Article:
Similarly, a mutant is an organism or cell that is affected by a mutation, usually with an altered phenotype.

Electromagnetic radiation sources

In Junior science, you would have learnt that there are many types of electromagnetic waves or radiation in the electromagnetic spectrum. 

Out of these different types of electromagnetic waves, X-rays (X-radiation) and Ultraviolet radiation are two common examples of electromagnetic radiation to induces mutation as they have high ionising power.

Electromagnetic radiation or any other forms of high ionising radiation are known as physical mutagens

The relationship between electromagnetic radiation and the rate of mutation is that they are proportional to each other. As you increase the dose of radiation, you will also increase the rate of mutation. 

X - Rays

In Beadle and Tatum’s experiment to investigate the relationship between gene and protein, X-rays were used to mutate spores produced from the fungus Neurospora crassa. These mutated spores were then placed in a closed system consisting of an environment with minimal but sufficient nutrition for wild, non-mutated Neurospora crassa spores to develop into fungi and release new spores. 

However, the experiment revealed that these mutated spores cannot develop new spores whereas non-mutated spores placed in the same environment could. However, when the amino acid arginine was added into the environment consisting of minimal but sufficient nutrition, the mutated spores could then develop new spores! Beadle and Tatum proposed that the reason for the results is that X-ray altered the nitrogenous base sequence of a gene in DNA that coded for an enzyme required to produce the arginine amino acid. 

Therefore, X-rays prevented the enzyme to be produced via protein synthesis by the mutated spores. After adding in arginine amino acid, the mutated spores can be develop into fungus and produce spores.

In the end, Beadle and Tatum proposed the ‘one gene – one enzyme hypothesis’also known as the ‘one gene – one protein hypothesis’ as it was thought since an enzyme is a protein, they essentially mean the same thing. 

However, later discoveries revealed that some proteins requires more than one polypeptide. For example, each haemoglobin protein in a red blood cell that has four polypeptide chains. Therefore, Beadle and Tatum’s hypothesis was modified to be known as the ‘one gene – one polypeptide’ hypothesis.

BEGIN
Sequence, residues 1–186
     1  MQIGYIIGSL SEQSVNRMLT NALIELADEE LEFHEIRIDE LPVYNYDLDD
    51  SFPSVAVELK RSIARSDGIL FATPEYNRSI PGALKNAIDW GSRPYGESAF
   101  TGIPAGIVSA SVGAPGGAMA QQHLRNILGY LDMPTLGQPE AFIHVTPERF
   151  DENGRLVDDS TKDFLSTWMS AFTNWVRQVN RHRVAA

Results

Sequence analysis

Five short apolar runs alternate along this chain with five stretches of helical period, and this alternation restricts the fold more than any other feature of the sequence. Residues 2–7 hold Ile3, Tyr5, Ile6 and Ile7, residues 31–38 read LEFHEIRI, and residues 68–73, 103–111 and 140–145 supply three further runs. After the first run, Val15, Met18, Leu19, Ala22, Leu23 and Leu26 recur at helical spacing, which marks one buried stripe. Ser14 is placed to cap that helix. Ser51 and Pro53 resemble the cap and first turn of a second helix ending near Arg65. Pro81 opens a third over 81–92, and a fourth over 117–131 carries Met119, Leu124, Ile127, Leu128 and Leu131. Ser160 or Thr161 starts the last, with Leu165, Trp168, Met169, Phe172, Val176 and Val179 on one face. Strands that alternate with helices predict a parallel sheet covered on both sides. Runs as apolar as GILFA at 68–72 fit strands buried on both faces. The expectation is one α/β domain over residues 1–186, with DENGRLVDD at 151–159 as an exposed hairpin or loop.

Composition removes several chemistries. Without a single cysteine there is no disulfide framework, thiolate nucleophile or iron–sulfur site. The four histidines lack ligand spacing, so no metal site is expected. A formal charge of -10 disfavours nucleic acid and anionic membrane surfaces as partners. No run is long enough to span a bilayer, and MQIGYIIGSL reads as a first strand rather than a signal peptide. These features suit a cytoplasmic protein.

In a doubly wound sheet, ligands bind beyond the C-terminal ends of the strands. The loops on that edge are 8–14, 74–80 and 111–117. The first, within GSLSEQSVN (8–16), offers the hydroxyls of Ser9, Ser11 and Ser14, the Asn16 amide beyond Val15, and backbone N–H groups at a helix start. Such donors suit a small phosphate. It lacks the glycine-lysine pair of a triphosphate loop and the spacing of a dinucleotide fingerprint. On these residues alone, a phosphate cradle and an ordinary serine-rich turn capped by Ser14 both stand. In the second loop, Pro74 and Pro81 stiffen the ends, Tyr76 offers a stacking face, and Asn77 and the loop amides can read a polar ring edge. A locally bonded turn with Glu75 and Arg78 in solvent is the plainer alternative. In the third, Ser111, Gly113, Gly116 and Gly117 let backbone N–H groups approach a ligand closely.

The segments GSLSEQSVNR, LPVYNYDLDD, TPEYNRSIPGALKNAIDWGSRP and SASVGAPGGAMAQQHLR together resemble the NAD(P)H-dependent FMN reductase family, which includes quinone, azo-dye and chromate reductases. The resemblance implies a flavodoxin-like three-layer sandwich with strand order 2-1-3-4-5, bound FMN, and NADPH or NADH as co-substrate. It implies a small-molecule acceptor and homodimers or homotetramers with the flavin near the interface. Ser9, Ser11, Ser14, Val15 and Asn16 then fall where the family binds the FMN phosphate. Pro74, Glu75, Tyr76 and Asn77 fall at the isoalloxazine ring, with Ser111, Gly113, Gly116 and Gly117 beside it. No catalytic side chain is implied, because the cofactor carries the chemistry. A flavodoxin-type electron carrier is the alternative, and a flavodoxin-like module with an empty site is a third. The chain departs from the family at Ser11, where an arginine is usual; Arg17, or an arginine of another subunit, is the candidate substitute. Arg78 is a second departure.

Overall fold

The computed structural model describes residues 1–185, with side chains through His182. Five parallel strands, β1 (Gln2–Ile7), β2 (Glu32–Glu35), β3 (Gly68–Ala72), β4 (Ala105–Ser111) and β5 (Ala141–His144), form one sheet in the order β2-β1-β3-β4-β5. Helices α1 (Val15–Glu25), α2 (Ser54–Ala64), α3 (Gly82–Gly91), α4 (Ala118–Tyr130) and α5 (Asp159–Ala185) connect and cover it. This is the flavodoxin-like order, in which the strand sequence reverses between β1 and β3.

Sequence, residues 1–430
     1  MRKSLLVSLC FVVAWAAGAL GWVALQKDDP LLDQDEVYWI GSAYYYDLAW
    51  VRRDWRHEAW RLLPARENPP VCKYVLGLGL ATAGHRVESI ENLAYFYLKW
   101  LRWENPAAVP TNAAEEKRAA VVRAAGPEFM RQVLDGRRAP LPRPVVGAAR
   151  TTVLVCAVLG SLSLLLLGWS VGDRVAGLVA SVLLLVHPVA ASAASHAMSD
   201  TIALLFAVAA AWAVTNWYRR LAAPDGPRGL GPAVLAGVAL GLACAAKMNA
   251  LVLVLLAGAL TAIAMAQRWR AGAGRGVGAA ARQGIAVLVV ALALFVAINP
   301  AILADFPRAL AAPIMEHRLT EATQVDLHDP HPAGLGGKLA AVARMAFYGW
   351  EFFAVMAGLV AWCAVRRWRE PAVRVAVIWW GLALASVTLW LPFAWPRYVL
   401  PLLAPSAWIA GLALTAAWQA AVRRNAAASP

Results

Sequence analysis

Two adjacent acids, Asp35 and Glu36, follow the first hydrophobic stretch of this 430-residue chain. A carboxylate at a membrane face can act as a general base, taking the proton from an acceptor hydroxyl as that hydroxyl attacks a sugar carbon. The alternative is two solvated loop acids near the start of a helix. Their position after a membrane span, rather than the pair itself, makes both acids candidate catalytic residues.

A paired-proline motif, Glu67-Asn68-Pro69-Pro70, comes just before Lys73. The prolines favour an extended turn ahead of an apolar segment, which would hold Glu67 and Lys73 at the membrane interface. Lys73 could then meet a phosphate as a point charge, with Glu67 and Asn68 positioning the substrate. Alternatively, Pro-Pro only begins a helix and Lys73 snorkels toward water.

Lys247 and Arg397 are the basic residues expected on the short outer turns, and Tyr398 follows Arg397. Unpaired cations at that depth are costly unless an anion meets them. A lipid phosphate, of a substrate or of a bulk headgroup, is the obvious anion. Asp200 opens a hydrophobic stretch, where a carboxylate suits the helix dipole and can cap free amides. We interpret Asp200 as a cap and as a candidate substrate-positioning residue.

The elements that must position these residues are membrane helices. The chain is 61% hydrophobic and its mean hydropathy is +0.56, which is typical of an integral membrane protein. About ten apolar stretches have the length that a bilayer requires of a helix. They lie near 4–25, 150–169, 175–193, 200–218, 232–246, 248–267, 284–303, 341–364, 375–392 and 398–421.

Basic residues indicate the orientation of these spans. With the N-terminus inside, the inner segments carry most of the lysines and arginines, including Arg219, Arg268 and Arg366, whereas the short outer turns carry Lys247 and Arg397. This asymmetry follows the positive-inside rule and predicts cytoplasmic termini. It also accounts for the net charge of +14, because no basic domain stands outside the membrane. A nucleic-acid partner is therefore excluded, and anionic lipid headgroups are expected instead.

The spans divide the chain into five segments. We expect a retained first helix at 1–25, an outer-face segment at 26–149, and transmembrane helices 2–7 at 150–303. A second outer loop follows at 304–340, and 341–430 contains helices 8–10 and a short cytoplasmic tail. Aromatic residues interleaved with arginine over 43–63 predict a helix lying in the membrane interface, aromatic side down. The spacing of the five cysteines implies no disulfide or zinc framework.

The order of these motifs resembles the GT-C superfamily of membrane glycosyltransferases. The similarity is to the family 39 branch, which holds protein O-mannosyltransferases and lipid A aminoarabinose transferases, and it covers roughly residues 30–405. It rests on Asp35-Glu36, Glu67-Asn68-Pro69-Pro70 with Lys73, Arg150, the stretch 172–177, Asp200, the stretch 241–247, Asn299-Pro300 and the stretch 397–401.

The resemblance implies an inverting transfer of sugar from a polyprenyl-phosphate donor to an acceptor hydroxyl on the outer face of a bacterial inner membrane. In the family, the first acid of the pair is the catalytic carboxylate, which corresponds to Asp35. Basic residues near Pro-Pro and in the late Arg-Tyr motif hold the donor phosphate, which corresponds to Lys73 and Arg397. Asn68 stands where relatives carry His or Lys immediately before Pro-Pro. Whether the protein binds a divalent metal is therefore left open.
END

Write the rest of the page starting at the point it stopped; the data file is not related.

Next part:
How does X-Ray act as a mutagen?

Keep it relevant for HSC Biology purposes, we do not need to go into too much detail here. 

The information that you should know that X-ray radiation can alter the nitrogenous base sequence of DNA . X-ray has high ionising energy (short wavelength) allowing it to either ionising DNA directly or ionise the cellular water that is surrounding the DNA which then give rise to reactive radicals that then reacts with DNA. Either way, the nitrogenous base sequence of the DNA can be altered resulting in insertion or translocation mutations. 

Insertion mutation, also known as frameshift mutation, is a type of mutation where one or more extra nitrogenous base is incorporated into the normal DNA sequence. This therefore alters the mRNA codon sequence and a different amino acid can be specified as a result. 

Translocation mutation is a type of mutation where chromosomes can swap segments of their DNA sequence, resulting in one chromosome having a segment of another chromosome and vice versa. 

How does ultraviolet radiation act as a mutagen?

Ultraviolet radiation can act as a mutagen by causing two adjacent base pairs to form covalent bonds with each other, resulting in a dimer structure. 

Radicals cannot be formed using ultraviolet radiation as it is lower ionising strength than X-rays (less capable of removing electrons). So, instead, dimers may be produced due to effect of ultraviolet radiation as a result. 

The most common type of dimer structure formed is called thymine dimer. In this case, ultraviolet radiation results in two adjacent thymine bases on the same DNA strand form covalent bonds with each other.